What was the key difference between these two Chambers? Chamber #1′s reps never experienced BNI whereas #2 did! The experience is what makes the difference. Once they see how we do things and how we can add value to their members and vice-versa the lines of communication can become clearer and the path to working together becomes easier.

 
John DeKoven November 10, 2008 Reply

I am a firm believer in being active in your local chamber(s). The biggest mistake I see people make is that they join a chamber, get their plaque and expect business to roll in. Joining is just what “gets you in the game”. You then have to consistentl network by going to chamber events and even better getting involved on committees. One great role is to be a chamber ambassador because it allows you to meet a lot of people.

 
Kathy McBride November 17, 2008 Reply

We have joined 2 different Chambers one did visit a BNI, meeting then started leads groups. The other made no visit; but as soon as we joined started leads groups. We have encouraged our members to be join the local chambers. We teach how to manage their time & efforts by being specific in their goals for each event. The most profitable for all is acting like a host. Even with a loud band playing & way too many people crammed into a venue. It is possible if you stay focused on business to create an opportunity for a BNI member to set up some great referrals for their fellow BNI members by introducing them to a good prospect for their fellow member. Follow this later; when their is no loud band, with an invitation to a BNI meeting. You have created a real win win situation.

 
Gary Davis November 18, 2008 Reply

Chambers are funny animals. Although joining and participating in a chamber may help your business, these non-profits are in business to help stimulate and support the business community, not supply members with leads or business.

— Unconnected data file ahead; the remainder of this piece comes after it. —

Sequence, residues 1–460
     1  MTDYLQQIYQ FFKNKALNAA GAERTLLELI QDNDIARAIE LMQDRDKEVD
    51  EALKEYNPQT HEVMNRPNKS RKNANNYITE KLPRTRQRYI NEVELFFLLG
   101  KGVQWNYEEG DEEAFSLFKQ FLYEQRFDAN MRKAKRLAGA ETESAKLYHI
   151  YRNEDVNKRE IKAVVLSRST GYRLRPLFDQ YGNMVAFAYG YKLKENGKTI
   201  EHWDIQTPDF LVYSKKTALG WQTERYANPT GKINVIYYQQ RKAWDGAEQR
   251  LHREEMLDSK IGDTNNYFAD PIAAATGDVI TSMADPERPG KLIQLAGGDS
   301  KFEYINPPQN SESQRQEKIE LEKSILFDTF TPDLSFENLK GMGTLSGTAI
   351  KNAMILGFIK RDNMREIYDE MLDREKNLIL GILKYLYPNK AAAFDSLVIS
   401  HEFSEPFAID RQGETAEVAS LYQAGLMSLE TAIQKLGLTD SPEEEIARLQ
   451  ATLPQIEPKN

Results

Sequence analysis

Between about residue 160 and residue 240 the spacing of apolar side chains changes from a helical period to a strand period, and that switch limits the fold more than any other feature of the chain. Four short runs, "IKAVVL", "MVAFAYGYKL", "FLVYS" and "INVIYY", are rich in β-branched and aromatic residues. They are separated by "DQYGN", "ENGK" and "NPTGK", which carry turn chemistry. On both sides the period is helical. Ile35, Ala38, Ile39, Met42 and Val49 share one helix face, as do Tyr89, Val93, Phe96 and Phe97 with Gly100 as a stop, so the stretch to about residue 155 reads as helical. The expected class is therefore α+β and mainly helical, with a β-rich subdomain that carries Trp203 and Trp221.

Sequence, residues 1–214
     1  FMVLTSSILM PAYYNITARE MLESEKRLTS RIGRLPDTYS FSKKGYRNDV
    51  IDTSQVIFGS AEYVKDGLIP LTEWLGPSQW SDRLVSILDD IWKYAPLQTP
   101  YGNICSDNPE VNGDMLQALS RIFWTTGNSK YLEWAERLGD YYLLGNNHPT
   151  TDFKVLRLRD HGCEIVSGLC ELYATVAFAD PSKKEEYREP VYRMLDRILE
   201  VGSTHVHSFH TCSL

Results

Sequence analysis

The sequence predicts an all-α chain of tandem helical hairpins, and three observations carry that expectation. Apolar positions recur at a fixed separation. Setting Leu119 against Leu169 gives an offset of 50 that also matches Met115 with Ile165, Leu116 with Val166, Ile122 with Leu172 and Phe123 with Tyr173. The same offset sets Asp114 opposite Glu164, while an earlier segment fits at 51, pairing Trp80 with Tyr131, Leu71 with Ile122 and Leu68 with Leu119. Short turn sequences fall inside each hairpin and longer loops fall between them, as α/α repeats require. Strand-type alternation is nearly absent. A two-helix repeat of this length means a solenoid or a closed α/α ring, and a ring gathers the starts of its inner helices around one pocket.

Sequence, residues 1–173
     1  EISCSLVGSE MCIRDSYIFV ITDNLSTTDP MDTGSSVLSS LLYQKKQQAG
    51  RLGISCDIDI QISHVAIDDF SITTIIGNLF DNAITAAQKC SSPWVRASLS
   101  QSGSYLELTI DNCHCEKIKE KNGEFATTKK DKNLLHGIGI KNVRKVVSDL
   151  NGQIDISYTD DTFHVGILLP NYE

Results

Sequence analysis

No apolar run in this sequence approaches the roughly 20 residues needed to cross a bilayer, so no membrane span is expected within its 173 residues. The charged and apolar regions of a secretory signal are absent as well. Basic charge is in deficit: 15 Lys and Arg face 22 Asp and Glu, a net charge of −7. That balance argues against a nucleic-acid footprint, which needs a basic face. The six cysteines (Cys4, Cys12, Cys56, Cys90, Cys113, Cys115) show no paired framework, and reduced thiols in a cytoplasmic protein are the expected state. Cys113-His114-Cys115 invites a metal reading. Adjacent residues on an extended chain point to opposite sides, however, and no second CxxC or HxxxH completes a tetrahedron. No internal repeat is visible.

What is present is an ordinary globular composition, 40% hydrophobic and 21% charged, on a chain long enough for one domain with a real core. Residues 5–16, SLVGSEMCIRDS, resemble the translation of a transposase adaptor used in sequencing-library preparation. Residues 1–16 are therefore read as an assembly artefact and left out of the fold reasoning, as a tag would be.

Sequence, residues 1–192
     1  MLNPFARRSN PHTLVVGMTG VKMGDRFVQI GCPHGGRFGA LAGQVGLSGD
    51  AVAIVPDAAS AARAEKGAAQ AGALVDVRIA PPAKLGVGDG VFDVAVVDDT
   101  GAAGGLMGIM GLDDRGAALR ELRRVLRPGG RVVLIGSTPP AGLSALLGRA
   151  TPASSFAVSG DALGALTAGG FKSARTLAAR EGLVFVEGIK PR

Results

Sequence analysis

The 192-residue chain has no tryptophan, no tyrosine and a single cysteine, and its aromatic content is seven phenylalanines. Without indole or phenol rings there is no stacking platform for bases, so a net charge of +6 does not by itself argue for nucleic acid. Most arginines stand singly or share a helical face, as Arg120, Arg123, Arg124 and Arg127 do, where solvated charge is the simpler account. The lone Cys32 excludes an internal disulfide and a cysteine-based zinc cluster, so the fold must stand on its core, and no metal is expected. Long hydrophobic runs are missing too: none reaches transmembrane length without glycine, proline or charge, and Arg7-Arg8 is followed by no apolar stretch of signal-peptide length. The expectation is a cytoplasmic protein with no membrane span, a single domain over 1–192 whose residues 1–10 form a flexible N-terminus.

It is a fine line, and much value can come from a chamber membership as long as the member is leaving more than they are taking and has the time to create an idenity before they start to ask for help.

BNI is great, but it is ultimately referral marketing. If you treat a chamber that way, your identity will suffer.

 
LA Native July 15, 2009 Reply

I work for a Chamber, but I fell into it purely by accident. I accepted my job after falling “in love” with what the Chamber was doing for both the business community and the community as a whole. I only like to work on jobs that I whole heartedly believe in and am not here to promote my Chamber but to say, no matter where you are…JOIN A CHAMBER! But as stated several times already here, you can’t just join you have to be active and become a familiar face.
I hear day after day from my members about how the Chamber has helped them. Maybe it was a city issue, or making a connection or providing a referral.
If you invest time into your Chamber the rewards will be great!

 
Carlotta October 21, 2012 Reply

On top of networking, your local chamber works on making the business climate better for all businesses through advocacy with local, state and federal governments, improving workforce by working closely with k-12 and higher ed and are often tasked to do economic development or tourism marketing.